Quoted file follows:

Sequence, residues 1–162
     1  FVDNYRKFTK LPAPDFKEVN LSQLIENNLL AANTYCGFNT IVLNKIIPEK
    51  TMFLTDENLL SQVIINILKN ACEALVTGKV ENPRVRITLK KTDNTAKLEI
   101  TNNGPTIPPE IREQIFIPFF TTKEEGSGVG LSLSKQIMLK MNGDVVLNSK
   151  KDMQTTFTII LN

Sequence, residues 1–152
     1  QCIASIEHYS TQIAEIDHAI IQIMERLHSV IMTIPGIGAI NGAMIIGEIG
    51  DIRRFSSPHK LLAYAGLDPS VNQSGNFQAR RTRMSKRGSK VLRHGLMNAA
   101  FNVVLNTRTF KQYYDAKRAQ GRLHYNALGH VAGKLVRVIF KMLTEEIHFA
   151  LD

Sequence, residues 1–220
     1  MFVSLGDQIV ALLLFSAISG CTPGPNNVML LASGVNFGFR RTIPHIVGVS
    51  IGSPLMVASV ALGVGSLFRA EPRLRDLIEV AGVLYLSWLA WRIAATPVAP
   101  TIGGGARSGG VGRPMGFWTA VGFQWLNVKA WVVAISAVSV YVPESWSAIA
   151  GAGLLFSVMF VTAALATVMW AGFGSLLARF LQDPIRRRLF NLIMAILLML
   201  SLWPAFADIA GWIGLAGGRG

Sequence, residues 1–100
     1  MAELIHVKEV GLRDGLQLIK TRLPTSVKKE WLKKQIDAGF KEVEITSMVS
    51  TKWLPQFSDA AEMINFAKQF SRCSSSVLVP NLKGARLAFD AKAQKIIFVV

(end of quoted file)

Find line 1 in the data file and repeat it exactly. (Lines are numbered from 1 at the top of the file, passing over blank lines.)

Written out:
Sequence, residues 1–162